QUASI analysis of the HIV-1 envelope sequences in the Los Alamos National Laboratory HIV sequence database: pattern and distribution of positive selection sites and their frequencies over years
Ball Blake T.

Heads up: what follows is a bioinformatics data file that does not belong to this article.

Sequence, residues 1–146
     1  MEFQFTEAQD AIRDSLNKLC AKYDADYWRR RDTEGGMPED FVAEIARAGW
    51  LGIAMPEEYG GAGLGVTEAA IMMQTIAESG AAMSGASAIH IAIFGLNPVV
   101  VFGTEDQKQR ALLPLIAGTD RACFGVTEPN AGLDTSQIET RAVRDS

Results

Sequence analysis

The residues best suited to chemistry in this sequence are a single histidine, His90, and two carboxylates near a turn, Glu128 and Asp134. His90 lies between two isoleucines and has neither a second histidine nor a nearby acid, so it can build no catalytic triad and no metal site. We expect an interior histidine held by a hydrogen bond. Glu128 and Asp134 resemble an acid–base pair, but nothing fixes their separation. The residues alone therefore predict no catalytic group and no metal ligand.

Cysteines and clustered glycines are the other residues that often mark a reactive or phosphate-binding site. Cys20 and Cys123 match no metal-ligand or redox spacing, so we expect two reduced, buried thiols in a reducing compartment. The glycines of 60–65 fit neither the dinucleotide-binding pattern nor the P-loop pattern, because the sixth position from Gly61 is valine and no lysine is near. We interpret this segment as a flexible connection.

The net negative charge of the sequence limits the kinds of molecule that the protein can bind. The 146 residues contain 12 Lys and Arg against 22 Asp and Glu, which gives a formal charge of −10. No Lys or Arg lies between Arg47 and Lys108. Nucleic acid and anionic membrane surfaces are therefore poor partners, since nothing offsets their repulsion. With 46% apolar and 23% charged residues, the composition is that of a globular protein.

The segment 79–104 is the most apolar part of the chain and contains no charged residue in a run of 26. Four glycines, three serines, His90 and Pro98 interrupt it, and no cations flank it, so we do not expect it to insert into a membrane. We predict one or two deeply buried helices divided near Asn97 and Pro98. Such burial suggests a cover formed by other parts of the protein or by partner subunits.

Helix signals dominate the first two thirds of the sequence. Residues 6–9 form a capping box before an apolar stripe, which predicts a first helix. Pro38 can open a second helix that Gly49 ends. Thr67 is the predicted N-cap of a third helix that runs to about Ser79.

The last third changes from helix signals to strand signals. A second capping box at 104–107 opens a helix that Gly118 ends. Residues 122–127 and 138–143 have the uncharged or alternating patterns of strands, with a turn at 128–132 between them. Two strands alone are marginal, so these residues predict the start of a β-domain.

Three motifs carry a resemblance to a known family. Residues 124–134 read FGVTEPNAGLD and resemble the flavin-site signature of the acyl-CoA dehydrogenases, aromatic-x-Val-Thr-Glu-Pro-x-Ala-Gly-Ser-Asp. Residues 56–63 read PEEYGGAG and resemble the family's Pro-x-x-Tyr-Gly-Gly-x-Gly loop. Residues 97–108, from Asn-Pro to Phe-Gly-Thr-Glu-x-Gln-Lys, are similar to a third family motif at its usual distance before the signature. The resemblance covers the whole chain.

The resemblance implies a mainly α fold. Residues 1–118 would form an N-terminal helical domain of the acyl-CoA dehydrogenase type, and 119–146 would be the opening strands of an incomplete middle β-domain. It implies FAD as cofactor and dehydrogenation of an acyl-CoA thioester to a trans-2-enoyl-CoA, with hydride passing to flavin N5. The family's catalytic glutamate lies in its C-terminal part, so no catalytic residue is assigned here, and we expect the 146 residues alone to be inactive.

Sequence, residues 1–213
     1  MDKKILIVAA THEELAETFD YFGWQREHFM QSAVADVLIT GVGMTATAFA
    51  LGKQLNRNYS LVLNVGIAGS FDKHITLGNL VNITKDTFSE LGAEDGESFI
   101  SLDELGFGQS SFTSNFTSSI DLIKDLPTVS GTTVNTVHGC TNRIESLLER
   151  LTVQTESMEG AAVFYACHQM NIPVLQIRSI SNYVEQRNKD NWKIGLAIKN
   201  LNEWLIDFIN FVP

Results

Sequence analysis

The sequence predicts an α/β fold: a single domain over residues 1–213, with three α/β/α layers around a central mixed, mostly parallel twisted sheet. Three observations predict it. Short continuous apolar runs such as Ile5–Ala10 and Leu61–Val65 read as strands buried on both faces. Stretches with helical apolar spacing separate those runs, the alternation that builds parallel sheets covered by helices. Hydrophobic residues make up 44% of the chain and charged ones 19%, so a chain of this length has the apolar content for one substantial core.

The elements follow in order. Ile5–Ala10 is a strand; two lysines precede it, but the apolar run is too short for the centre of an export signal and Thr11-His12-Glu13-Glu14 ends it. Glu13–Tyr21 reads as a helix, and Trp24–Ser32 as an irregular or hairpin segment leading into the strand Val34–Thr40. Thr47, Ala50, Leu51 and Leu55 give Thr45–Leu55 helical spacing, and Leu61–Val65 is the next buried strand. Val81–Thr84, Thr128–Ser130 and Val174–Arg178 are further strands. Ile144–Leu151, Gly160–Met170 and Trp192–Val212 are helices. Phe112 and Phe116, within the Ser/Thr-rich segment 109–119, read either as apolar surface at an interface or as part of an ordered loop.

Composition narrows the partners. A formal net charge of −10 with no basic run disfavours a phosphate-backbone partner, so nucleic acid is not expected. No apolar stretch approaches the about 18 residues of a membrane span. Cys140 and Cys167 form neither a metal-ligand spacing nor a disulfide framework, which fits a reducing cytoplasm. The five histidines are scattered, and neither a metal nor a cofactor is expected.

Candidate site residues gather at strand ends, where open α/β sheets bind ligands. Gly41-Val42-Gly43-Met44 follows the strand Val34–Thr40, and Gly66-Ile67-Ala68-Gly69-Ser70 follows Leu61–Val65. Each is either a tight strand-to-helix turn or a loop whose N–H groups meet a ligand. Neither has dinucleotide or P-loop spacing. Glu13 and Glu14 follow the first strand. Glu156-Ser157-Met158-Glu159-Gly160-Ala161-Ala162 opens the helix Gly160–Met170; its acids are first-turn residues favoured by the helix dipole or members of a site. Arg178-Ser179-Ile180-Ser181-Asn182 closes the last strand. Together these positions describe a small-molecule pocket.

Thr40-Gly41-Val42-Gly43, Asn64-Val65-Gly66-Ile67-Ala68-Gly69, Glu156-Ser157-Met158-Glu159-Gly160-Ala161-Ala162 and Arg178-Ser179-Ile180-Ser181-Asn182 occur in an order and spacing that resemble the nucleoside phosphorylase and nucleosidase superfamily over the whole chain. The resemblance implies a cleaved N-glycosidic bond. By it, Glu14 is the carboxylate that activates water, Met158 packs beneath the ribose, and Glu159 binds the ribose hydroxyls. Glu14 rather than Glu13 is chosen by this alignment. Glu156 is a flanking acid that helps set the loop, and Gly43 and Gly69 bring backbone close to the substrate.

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The envelope (env) protein of human immunodeficiency virus type 1 (HIV-1) plays a crucial role in virus entry and is a central target for HIV vaccine design. Using the QUASI program, we analyzed the conserved regions of all currently available env sequences in the Los Alamos National Laboratory HIV Sequence Database and identified positive selection (PS) sites that are likely to be restricted by host immune responses. We found that PS sites are dispersed across conserved regions of env sequence, and that the C3, C4, and C5 regions were the most targeted. Several regions were identified as being PS free and were mainly distributed in the C1 and C2 regions. When comparing individual QUASI PS site frequencies across clades and geographical regions with the overall frequency of the entire env database, the env sequences from North America showed significantly lower PS site frequency, while those from Asia were significantly higher using Student's t test. The QUASI PS site frequency of env proteins from viruses isolated from different years showed that the PS site frequencies of the env population increased over time. Our study provides an overview of PS sites across the conserved regions of HIV-1 env sequences.